The Advisor volunteered to be the rear guard and to cover the withrawing force with air and Cobra gunship support. The new battalion commander, Le Van Me insisted on staying with the Advisor to cover him and to insure a link-up with the withdrawing paratroopers. This was a rear guard of two.
Log indicates 3 sets of VNAF, 1 set of Fastmovers and 4 sets of Cobra's, Panther 13 flight stopped the enemy from over running our rear guard (MAJ Duffy and MAJ Le Van Me) position.
Three NVA battalions were engaged, lead battalion was destroyed by Couger 38 flight, two follow on battalions advanced against minimum Tac Air and occupied Charlie.
Panther 19 flight covered the break-out from Charlie with effective fire on enemy pursuit elements.
On the run to link-up, the Advisor requested from a FAC that an Archlight (B-52's), be diverted to Charlie target with two enemy battalions in the open, the target. The FAC executed a diversion and advised Archlight enroute, ETA 20 minutes.
The B-52 strike on the enemy, now holding Charlie positions, was executed on target. No BDA was possible, but it is doubtful if any of the two NVA batalions on Charlie survived.
The Command Group was shaken by the explosions on Charlie as we were only 400 meters distance.
The Battalion Commander was incapacitated with a sucking chest wound. Major Duffy assumed command and as he was senior and had the only radio still operational.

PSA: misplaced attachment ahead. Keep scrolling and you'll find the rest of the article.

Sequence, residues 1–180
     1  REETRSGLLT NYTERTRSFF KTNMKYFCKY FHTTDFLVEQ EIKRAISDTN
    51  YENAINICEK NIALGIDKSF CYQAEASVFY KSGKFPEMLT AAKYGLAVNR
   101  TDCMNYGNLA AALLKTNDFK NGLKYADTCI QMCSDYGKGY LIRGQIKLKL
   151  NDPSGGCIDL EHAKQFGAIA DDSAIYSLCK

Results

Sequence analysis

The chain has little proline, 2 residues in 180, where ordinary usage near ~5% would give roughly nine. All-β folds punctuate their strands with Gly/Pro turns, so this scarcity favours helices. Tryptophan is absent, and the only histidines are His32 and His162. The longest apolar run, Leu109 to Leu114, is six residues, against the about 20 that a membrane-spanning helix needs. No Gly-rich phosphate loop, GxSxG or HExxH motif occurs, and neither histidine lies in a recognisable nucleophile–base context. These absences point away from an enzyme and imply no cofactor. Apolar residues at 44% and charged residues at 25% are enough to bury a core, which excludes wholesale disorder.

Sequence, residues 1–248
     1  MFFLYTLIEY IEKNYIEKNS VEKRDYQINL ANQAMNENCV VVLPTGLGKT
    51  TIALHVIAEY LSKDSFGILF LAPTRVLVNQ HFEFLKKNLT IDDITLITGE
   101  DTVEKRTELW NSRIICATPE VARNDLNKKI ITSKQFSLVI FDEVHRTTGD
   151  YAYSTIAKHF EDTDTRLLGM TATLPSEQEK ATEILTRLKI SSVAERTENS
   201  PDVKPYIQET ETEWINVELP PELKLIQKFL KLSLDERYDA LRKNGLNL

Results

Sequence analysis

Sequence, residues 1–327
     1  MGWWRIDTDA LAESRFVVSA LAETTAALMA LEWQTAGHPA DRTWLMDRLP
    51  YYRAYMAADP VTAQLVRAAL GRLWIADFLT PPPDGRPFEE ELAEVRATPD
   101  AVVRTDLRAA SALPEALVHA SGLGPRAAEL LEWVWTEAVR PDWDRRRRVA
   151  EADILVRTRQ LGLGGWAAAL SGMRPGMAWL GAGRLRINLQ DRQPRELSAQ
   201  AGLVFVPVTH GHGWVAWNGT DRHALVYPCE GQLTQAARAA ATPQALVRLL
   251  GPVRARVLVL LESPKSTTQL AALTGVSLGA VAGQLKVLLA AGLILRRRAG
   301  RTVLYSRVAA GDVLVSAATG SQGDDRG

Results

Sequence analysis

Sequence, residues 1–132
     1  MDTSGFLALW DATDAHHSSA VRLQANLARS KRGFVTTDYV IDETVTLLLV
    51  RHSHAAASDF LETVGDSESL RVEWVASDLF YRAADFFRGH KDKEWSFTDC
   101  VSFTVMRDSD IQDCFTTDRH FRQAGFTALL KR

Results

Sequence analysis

Major Duffy had been flash blinded during the rear guard action and was led over rough terrain by his radio operator. During the night, friendly artillery fire impacted the end of the column. Before a "Check Fire!" was ordered, the unit suffered 3 KIA (killed in action) and 7 WIA (wounded in action). Brigade night watch officer cleared the fire. I advised the Brigade Watch Officer that no fire be placed on this force without my clearance and to plot route of withdrawal on a map. The distance covered during the night was 10 - 11 kilometers.
At first light on the morning of 15 April, Major Le Van Me had recovered adequately to resume command. My blindness from a flashburn had ended. The remnants of the battalion reorganized.
At 0700 hours, the Commander requested an exfiltration by helicopter lift ships through Vietnamese channels and was advised to walk out. Major Me Van Le requested that I attempt to secure lift assets, none were available. Major Le Van Me ordered that we prepare to march and as we started (0730), our Battalion (now 167 paratroopers) was ambushed by a Battalion of NVA soldiers. The initial fire was inaccurate, and I suspect our early movement sprang the ambush prematurely. The bulk of the men, out of ammunition, without sleep and inexperienced (most were in combat for the first time as the unit had suffered very heavy casualties in their previous battle as point Battalion in the Cambodian Incursion) fled and ran toward a streambed where enemy machine guns killed them.
Major Le Van Me and the Advisor gathered a group and Major Duffy led the paratroopers through the kill zone. An LZ was found one kilometer distance, the group deployed, redistributed the few bullets and grenades we had, treated the the wounded and prepared hasty defensive positions. The Advisor contacted Covey 555 on guard frequency, declared a "tactical emergency", requested TACAIR and gunships, and a four lift ships extraction.